Preaching with the Holy Spirit


Browsing around to try to get a start on the sermon for next week, I ran across this ">article on pastoral plagiarism.

What the original writer seems to be saying is that we cannot trust to the Spirit, that we have to have “the best sermon” at all costs, and the end justifies the means.

Well, that brings up some questions for me.

  • How do we decide who “the best” preachers are? Even those we often think of as great speakers and preachers had off days; are all their sermons to be considered equally “great?” And is it really a good idea to elevate these people to the level of the only ones who can preach?
  • What does this say about our own arrogance? Do we really think that people only hear what we say, or do we believe that the Spirit speaks through us, in spite of us?
  • Preaching, I discovered before I even left seminary (thank you, Jesus!), is not always or even usually about educating the congregation, but about the preacher learning something from the passage in question. If we only use what others have said, we lose that gift of study and learning the Words of God. Where does that leave us?

I’m with Ray Van Neste on this one—we preachers have to trust in the Spirit to convey the truth of God to the congregation, over time, in spite of ourselves. If we use another person’s words, we are not true to ourselves, or to the gospel. Does it really make sense to preach a sermon written for, say, a rural majority-white congregation in Ohio in 1990 to an urban congregation of mostly African-Americans in Philadelphia in 2006? Of course not! And yet that’s what Steve Sjogren seems to be saying.

This is troubling. Are we so afraid of not “hitting a home run” that we cannot trust the Spirit? Are we really putting things of the world (a “successful” sermon, whatever that is) ahead of divine inspiration?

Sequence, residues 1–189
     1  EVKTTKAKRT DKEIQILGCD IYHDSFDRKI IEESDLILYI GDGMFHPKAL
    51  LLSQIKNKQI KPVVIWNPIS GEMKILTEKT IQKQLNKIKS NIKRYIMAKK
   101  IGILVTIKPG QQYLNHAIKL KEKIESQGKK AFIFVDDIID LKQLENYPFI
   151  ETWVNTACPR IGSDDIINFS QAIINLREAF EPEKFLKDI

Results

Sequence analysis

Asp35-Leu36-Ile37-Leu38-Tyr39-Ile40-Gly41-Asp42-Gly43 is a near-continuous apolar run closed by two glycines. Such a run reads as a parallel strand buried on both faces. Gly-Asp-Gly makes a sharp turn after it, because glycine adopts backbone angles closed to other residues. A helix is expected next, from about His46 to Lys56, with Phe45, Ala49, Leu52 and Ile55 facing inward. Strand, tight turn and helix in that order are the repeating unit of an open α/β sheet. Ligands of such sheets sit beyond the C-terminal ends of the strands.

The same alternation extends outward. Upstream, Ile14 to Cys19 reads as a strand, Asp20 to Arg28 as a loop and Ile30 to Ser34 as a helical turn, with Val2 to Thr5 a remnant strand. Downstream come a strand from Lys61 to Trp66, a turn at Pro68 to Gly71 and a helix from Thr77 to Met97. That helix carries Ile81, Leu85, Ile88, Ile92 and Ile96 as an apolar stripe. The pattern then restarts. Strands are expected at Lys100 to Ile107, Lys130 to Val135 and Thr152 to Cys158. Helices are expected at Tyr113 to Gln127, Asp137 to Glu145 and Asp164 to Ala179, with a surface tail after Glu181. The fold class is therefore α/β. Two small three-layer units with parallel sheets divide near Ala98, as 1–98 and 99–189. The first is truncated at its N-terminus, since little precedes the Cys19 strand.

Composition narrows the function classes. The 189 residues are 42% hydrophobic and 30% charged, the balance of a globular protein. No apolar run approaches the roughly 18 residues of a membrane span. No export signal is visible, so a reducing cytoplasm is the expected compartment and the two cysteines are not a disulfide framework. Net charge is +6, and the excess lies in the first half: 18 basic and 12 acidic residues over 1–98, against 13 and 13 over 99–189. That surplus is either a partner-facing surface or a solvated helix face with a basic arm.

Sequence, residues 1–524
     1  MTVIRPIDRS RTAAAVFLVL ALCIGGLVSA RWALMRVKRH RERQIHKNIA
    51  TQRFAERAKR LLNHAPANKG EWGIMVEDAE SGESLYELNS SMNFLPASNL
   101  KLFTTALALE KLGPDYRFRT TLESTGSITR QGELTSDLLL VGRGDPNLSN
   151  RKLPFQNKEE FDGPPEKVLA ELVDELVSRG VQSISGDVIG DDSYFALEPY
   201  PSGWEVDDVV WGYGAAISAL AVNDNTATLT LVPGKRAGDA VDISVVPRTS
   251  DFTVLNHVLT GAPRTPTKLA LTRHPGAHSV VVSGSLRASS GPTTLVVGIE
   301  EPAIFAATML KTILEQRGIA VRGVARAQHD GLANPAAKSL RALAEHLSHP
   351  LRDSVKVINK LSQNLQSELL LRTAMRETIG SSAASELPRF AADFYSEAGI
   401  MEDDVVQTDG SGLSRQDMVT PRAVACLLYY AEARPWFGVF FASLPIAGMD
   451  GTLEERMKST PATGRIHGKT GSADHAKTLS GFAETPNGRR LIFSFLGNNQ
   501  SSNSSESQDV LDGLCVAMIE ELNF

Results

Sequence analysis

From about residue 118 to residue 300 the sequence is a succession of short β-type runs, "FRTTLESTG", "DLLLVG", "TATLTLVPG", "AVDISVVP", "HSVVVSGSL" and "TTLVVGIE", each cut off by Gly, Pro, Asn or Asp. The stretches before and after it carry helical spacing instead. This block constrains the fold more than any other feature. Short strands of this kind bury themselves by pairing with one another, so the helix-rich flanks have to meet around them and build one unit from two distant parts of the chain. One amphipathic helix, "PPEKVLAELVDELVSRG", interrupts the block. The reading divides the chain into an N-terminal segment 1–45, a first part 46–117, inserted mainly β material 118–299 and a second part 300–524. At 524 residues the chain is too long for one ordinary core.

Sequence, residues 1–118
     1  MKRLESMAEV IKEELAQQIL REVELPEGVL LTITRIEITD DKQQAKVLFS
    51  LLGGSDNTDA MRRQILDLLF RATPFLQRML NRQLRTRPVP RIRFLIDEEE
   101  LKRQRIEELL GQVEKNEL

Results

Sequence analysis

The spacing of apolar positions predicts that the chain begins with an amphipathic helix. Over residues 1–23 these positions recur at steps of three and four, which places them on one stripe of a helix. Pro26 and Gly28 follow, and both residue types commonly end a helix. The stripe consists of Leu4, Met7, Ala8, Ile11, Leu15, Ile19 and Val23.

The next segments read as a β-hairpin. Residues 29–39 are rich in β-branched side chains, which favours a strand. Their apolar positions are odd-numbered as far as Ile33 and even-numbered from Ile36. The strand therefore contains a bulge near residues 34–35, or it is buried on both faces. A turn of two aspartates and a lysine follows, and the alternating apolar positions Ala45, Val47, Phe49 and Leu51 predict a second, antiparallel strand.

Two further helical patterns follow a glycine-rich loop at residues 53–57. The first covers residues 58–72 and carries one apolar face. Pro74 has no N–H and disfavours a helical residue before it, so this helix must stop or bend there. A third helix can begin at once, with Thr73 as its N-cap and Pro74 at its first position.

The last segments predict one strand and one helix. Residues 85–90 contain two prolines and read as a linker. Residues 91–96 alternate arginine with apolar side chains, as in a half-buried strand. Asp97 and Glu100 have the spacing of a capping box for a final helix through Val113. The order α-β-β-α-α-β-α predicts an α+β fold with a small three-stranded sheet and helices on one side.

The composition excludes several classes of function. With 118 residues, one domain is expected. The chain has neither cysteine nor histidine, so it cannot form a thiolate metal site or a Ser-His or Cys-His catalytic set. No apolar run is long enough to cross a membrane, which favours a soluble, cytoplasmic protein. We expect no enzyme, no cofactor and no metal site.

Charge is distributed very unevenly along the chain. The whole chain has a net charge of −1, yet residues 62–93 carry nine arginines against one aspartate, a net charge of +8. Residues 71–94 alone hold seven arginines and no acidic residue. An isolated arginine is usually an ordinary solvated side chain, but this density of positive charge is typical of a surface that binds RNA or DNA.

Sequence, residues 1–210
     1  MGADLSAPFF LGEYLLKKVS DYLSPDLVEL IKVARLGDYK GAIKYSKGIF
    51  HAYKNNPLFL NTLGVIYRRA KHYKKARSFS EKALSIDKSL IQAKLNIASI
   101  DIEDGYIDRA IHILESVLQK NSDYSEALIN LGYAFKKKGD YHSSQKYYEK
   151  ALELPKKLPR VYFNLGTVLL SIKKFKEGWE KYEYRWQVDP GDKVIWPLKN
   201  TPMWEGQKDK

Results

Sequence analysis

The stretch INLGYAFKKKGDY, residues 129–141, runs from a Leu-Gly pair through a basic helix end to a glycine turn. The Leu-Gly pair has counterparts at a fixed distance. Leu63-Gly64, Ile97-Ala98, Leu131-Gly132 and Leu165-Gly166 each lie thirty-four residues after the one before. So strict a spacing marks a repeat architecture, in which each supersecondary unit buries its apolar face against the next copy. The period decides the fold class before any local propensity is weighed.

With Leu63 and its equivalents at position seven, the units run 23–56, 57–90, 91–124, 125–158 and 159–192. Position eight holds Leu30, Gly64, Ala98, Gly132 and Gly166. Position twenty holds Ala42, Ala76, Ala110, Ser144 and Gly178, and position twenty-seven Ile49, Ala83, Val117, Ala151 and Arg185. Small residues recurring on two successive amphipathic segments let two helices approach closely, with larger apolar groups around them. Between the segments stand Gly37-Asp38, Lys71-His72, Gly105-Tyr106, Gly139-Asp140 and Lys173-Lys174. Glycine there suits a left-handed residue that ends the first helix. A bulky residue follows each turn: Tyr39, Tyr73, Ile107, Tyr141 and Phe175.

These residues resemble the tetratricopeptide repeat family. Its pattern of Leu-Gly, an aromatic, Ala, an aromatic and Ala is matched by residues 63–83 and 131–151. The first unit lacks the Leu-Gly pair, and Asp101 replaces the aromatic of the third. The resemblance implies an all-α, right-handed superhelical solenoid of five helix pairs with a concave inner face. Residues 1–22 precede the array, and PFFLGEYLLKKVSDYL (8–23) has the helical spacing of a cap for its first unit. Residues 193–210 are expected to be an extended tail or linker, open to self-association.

I thank God for the example of the friends and blogpals on this ring, who every week gather at a virtual sermon-writing party, difficult and stressful as it is, to pull out another sermon from our hearts and spirits, praying for the Spirit to breathe life into it, that it may rise up and show God to our congregations.

In the immortal words of Songbird and the other 11th Hour hosts:

  • The Holy Spirit has your back.
  • If you’ve got a dog, walk it proud.

Comments

Sue said…
Amen!
That whole "home run" sermon thing is just too much. Sometimes I think the standard is set by the preachers on TV. But they don't typically do hospital calls or funerals and they have a huge staff. So the standard related to the TV is more about public speaking than connecting with God in ways that change our lives.
SingingOwl said…
YES. I think we do get compared to the "famous" preachers.

Thanks, RB, for posting this. I just read it today (Sat. the 14th) and am feeling particularly uninspired and hopeless about a sermon.

Can I trust the Holy Spirit?

I'm gonna go pray...but thanks again.

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